Añdha naw

Duitala borjaans


THE BOATS OF ARAKAN Many of the original ships which put Arakan on the map no longer exist. The elephant-carrying craft that sailed to the Coromandel Coast now survives only in legend, and there are no records to tell us what Waithali’s vast merchant fleet may have looked like. However, boats that developed from those are still in use, and the tradition of boatbuilding is alive and well among the Rohingya. The great sails, which must have made the Arakan Coast a sight to behold, have been replaced by motor engines, but the designs and craftsmanship of the vessels remain ever impressive.

Añdha Naw The Añdha Naw is a double-decker passenger and cargo vessel, approximately 35-40 feet long. It is an expensive boat; the hull is built from a combination of wood and metal, while the keel is made out of iron. The most common types of wood used to make an añdha naw are garjan (Dipterocarpus alatus) and boilam (Anisoptera scaphula) but less expensive timber can also be used. Construction material often needs to be brought in from Yangon due to a lack of availability in Arakan, especially of metal, which also runs up the costs. These boats are generally found in Buthidaung and Akyab (Sittwe), and have passenger decks as well as a cargo hold. The añdha naw is a sea-going vessel and has gained some notoriety as one of the boats used in illegally ocean crossings.

Duitala Borjaans Duitala borjaans, or ‘two-storied big ship’, are large ocean-going vessels that carry both passengers and freight. They are also used along deep inland waterways, to move people and goods across Arakan (Rakhine) State. Borjaans have two diesel engines but usually only use one at a time, keeping the other one as back up. Historically, ships like these had large sails and were powered by wind.


Duitala borjaans



Fashindari naw

Fuinna naw


Duitala borjaans are made of garjan (Dipterocarpus alatus) and bailam (Anisoptera scaphula) wood and are found mostly around Buthidaung. They are between 60-70 feet long.Vessels like these are rarely, if ever, privately owned and are generally a type of government-maintained public transport, plying along set routes between cities and towns.

Fashindari Naw The word ‘fashindari’ comes from a Rohingya adaptation of the English word ‘passenger.’ Large mass-transit boats like these were routinely used to traverse Arakan (Rakhine State) before roads and motorised vehicles became the more popular mode of transport. Fashindari naws are still used as a fast and effective way to travel long distances along waterways. The body of the boat is made out of garjan (Dipterocarpus alatus) or baha (A. nilotica) wood and powered with a motorised engine, leading to it sometimes also being called a motor boat or a salle. This boat is usually seen in the northern part of Buthidaung and is between 20 -25 feet long with a capacity of two metric tons. A licence from the government is needed to operate this vessel and there are annual taxes to pay. It takes about forty days and three skilled carpenters to make a fashindari naw.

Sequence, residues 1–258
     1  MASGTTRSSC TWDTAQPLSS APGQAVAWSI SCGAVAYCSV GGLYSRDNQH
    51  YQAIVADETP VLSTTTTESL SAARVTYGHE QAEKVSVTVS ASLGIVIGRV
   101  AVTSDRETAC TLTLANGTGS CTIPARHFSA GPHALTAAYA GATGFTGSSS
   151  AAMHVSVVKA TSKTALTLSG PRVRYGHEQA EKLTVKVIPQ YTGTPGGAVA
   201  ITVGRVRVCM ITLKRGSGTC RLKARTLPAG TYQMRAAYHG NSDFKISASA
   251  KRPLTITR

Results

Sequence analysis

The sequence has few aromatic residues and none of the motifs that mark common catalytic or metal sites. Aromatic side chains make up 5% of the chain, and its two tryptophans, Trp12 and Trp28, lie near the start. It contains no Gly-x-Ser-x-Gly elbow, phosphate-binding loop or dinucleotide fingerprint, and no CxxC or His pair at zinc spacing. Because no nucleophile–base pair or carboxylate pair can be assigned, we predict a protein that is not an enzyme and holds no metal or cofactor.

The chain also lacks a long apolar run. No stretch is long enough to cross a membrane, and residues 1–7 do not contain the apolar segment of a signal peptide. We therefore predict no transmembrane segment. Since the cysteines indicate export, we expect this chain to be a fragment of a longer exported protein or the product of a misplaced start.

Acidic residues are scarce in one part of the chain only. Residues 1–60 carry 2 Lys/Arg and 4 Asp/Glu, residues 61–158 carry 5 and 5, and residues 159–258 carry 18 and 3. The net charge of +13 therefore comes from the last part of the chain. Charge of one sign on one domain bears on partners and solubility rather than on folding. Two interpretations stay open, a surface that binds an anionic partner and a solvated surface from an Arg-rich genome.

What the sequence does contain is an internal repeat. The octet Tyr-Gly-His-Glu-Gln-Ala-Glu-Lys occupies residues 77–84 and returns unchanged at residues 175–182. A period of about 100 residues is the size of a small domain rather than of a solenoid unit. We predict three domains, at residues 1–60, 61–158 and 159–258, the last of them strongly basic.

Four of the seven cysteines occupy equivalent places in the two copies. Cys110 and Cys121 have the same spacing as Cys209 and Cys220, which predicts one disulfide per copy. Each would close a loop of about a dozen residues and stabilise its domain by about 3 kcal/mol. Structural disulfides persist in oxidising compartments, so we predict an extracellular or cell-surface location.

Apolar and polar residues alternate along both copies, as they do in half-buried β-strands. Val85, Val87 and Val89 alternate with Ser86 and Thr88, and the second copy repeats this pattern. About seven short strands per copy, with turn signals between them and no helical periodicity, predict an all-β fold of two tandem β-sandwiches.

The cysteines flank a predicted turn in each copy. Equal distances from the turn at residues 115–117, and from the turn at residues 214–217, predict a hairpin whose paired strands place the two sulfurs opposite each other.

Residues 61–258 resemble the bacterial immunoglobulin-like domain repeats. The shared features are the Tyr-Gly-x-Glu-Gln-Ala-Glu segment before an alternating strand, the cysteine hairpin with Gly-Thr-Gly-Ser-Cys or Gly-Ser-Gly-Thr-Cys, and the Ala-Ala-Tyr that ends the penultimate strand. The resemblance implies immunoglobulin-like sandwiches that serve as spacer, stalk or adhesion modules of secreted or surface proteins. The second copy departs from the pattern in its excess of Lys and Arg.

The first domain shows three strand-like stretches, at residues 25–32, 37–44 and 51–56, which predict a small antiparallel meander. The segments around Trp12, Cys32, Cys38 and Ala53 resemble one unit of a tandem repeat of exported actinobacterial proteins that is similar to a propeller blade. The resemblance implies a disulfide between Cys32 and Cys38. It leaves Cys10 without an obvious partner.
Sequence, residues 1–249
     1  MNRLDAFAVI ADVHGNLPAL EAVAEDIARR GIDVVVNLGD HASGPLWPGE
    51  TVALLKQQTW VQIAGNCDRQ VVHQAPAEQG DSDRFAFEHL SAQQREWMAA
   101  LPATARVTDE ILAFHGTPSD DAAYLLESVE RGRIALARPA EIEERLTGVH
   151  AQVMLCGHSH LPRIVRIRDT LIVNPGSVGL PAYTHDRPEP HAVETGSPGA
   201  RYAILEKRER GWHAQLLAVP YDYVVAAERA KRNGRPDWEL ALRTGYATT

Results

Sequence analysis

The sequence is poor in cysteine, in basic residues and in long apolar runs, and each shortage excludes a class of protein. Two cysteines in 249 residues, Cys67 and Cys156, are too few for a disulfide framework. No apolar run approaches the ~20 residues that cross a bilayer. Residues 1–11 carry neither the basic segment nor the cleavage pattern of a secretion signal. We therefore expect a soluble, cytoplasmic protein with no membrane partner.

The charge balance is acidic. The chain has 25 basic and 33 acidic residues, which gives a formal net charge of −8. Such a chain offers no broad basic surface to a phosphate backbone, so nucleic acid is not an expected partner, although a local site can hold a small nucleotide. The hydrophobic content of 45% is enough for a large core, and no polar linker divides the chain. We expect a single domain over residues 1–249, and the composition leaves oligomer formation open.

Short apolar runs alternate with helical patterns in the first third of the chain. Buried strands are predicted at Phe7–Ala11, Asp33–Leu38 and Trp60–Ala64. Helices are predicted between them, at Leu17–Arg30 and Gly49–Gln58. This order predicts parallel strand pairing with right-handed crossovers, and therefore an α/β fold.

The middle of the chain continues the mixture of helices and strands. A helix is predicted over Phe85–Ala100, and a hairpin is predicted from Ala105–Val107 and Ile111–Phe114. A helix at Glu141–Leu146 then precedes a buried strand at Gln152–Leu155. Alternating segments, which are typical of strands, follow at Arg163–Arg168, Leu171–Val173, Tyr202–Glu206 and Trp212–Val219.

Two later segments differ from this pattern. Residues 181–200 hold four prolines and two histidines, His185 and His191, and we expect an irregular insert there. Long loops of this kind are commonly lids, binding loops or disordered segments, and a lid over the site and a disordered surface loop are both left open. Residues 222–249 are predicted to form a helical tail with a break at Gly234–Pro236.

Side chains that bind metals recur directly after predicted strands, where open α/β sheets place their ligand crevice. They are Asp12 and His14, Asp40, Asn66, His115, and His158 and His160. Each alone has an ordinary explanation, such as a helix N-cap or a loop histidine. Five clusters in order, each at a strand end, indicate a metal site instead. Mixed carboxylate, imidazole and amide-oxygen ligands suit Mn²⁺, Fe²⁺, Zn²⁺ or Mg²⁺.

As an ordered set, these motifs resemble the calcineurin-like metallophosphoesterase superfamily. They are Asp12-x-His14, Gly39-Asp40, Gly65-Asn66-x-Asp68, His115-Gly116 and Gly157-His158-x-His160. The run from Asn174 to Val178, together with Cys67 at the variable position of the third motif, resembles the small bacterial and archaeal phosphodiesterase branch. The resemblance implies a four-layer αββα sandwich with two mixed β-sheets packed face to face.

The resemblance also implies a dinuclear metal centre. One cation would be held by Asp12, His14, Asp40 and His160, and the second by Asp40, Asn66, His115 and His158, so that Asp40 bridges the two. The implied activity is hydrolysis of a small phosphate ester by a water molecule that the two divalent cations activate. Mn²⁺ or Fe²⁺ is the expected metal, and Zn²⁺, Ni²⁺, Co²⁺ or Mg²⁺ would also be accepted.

Fuinna Naw A fuinna naw is a small boat used primarily for fishing. It is also used as a means of transport by fishermen going to and from the market. These are usually seen near Maungdaw and Buthidaung, but also, rarely, near Akyab (Sittwe). Garjan (Dipterocarpus alatus) and boilam (Anisoptera scaphula) wood are the most commonly used construction material for this craft. A fuinna naw is used for night and deep-water fishing —fishermen cast their nets overnight and stay in the boat until early morning when they take the night’s catch to a foske (wholesaler). The covered part of the boat becomes a temporary shelter and meals are also cooked inside it. The fuinna naw is a light craft and can’t carry too much weight. It is also called a bingi zaillor naw from the word bingi zal, a special type of net used by night fishermen. 19


Kunda naw



Kunda Naw

Kubeta The kubeta belongs to family of passenger-carrying vessels known simply as naws, or ‘boats.’ It is a salle, which means a boat which has a motor. Kubetas can be up to 50 feet in length and their narrow, streamlined shape, along with their seven-horsepower engines, make them relatively fast. Due to this considerable length, the kubeta is also called a lomba naw, literally ‘long boat.’ They are often chartered for special occasions like weddings and picnics because they can carry more people than smaller naws. The covered part of the boat is called a chani, which means ‘ceiling.’ garjan (Dipterocarpus alatus) or baha (A. nilotica) wood is mostly used to make a kubeta. Buthidaung is where these boats are used the most, where they can be seen carrying happy and cheering crowds out for a good time on the water!

Kunda naw Kunda naw is a small boat made from a single log. The carpenter will choose a straight, thick and strong tree trunk to make it with. They curve and shape the trunk until it resembles a canoe. A kunda naw looks like a canoe but is a bit flatter and can carry 8-10 people together. Most of the families in a village have a kunda naw to get around during monsoon season when the fields are flooded. A wooden paddle is used to move it. Bigger vessels usually keep a kunda naw on board for emergency situations and farmers also use them to ferry material and crops between their villages and the market. Flood rescue operations are also carried out using these since they are small and versatile.

Naw The wooden naw, which means ‘boat,’ is a standard feature of rural Rohingya life. Before the days of road connectivity, the naw was the normal mode of transport. Naws are operated by three people, two fuiwalas, or rowers, who have an oar each, and the Mazhi, who controls the rudder and steers the boat. Joined timber is used to make a naw and the hull is typically coated with a layer of tar 21